10/20/2009 05:12 am ET Updated Nov 17, 2011

Real Ballroom Dancing for Regular People

Anyone who hears I'm a ballroom dancer invariably says, "Oh, I'm dying to start ballroom dancing." And then they explain why they haven't, or why they gave it up after a couple of disappointing lessons. I feel bad; I want them to get into dancing. I'm not sure why. I guess I'm a ballroom proselytizer.

I just realized I needn't stand by helplessly; I have the answer for those who want to learn but haven't yet managed to find their way in. Actually, I have three answers and none of them involves auditioning in front of TV cameras or wearing skimpy gowns that sparkle.

I know, I know: it's hard for a novice to step into the ballroom studio -- those suave, glamorous, sexy, elegant pros in the studios and on TV these days can be so intimidating. If you saw the film Shall We Dance, the Japanese original, or even the remake with Richard Gere and Jennifer Lopez, you'll recall that terrific, agonizing scene conveying the difficulty of taking the life-changing first step over the threshold.

Okay, here's how. Answer number one: ballroom boot-camp in the Catskills, New York. It's called Stardust Dance Weekends, and it's for beginners and accomplished dancers alike. Classes and workshops all day long, in many different function rooms, from Friday to Sunday. There's even dancing when you take a break to eat; the immense dining room has two dance floors. Calories in; calories out, in one space, at one time.

I went with a couple of girlfriends last March and we had such a blast among 500 other dancers for three days that we are going again this month. The "resort" hotel where this ballroom extravaganza is held is great fun, but I must warn you about the not-so-faint smell of mildew in the hallways, and the distinct whiff of bleach in your bed-linens (perhaps better than the alternative.) And then there's the food, so cheerfully served by a wonderful staff, but...every entrée tastes like cotton balls with a different flavor of gravy. You get the picture. You will not be going for the ambiance or the amenities, but for the dancing.

Oh, man, will you dance. Keen to learn Argentine tango? There's a class for that. Want to brush up your hustle? There's a whole separate ballroom for that and West Coast Swing. Dying to finally learn salsa and cha-cha? You'll be up until 2 a.m,, guarantee it, because the live band rocks, so to speak. You'll dance 7 hours a day if your feet can take it. You'll attend the Champagne-in-plastic stemware reception and formal dinner followed by a professional show. And you'll meet lots of really nice people from all over. The unspoken etiquette here is the reason you needn't be afraid to show up. Nobody stands by the wall for long in any of the ballrooms. Everyone invites others to dance, even unfamiliar newcomers. All of the above for around $350 to $450. I'm sure there are equivalents in other parts of the country. (Feel free to chime in here.)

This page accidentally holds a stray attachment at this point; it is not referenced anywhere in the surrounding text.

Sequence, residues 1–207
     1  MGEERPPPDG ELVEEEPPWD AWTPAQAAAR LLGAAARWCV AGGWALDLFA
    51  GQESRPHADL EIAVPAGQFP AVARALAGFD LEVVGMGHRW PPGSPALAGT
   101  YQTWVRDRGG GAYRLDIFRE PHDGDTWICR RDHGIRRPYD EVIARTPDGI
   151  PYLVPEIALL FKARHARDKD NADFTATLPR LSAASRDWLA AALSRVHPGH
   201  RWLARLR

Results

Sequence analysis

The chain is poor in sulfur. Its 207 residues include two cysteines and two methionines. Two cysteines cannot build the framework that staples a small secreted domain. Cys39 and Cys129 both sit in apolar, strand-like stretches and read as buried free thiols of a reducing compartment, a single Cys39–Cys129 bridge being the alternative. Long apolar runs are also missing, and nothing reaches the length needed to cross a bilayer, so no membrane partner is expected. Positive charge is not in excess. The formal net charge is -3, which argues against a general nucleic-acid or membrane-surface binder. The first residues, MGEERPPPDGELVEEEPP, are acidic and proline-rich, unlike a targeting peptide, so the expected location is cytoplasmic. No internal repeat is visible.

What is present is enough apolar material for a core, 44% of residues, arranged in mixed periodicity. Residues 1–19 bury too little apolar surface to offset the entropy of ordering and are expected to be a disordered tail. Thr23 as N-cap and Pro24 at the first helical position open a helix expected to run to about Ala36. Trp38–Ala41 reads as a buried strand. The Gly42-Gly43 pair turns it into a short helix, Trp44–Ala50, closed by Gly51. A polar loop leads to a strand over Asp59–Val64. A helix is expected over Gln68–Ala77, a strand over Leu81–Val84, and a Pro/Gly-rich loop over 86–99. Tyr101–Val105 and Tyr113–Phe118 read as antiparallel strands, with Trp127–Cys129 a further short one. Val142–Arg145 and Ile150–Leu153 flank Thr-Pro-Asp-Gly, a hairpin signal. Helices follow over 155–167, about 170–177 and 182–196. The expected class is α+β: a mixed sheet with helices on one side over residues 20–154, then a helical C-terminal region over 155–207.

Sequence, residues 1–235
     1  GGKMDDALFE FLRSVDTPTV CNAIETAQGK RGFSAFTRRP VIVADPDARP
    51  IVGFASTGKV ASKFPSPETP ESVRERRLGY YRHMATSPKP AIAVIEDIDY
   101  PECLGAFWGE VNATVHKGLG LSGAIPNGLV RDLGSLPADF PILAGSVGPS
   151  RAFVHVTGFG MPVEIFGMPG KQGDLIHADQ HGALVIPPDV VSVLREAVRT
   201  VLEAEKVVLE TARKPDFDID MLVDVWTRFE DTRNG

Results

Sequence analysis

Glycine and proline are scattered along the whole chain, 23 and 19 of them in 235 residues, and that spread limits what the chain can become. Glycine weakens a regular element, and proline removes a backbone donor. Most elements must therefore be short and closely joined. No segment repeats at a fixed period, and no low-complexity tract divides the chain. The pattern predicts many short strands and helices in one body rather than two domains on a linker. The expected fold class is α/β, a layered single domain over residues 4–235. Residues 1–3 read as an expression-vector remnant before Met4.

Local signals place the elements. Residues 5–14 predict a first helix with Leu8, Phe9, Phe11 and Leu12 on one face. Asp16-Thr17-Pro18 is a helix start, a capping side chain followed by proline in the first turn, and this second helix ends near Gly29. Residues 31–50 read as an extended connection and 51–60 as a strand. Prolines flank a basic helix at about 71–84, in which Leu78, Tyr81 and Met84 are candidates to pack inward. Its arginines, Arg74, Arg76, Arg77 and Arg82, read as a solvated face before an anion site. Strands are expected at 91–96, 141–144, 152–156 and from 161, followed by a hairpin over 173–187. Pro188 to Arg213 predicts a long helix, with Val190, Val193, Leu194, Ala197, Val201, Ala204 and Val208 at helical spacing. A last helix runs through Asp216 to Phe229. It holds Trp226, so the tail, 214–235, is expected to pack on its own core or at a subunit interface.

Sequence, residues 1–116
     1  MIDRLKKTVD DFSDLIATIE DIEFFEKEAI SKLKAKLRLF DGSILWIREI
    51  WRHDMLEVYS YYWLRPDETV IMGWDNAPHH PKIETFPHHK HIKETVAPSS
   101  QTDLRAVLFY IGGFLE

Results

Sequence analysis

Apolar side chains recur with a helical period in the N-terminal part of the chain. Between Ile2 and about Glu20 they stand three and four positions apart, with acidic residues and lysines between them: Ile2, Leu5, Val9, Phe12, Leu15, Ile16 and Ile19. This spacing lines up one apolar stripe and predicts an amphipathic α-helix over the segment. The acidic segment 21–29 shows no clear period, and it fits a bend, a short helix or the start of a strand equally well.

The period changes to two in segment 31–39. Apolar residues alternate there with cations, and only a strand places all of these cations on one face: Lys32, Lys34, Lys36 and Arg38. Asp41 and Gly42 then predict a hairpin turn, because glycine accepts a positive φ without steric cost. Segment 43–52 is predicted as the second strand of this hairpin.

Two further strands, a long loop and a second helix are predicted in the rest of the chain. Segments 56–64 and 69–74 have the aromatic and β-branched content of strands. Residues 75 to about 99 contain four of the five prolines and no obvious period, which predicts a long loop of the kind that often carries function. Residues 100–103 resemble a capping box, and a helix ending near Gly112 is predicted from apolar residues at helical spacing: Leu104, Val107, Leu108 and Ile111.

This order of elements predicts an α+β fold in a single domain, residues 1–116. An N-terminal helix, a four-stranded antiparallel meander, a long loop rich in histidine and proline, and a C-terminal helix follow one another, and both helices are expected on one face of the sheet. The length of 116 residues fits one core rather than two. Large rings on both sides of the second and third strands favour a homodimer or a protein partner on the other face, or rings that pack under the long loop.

If you prefer less of a boot-camp approach and a more upscale experience, there's Mohonk Mountain House's Ballroom Weekend, December 4-6th. (Full disclosure: I'll be attending to do a book signing.) Mohonk, a beautiful, romantic Victorian resort, designated a National Historic Landmark, and still family-owned, sprawls lakeside on a 2,200-acre forest property in New Paltz, New York, not far from Kerhonkson where Stardust's weekends happen. But what a world apart. Here, you'll spend a pretty penny (about three times the cost of Stardust) and you'll know why. The accommodations, the surroundings, the service, the food, the spa -- all quite amazing. During the ballroom weekend, you'll take classes by day, and attend a black-tie optional gala by evening. A great way to get into ballroom gently. A note to women who can't seem to drag their man to a dance studio -- he'd rather engage in a different kind of contact sport; the kind that involves cracking heads or ribs, and scoring -- Mohonk could be your answer because it offers so much else, activity-wise, not the least of which is its great outdoors with hiking trails, ice-skating rink and such.

Last, and most extravagant, for those who can take more than a weekend: the ballroom-themed cruise on Crystal Cruises' ship Serenity, one of the most luxurious afloat. Imagine sailing out of Lisbon November 12th, stopping in the Azores and Turks and Caicos, ending up in Miami on November 22, having danced all day and night instead of mainly just eating. If you're the cruise type, this is a way to take lessons and get in plenty of practice hours, considering those long cross-Atlantic days. There's an added benefit if the seas are rolling the ship while you're on the dance floor: it does wonders for your balance. After ten days of intensive ballroom training at sea, imagine coming ashore, walking up to the door of your local dance studio, and...waltzing right on in. Piece of cake.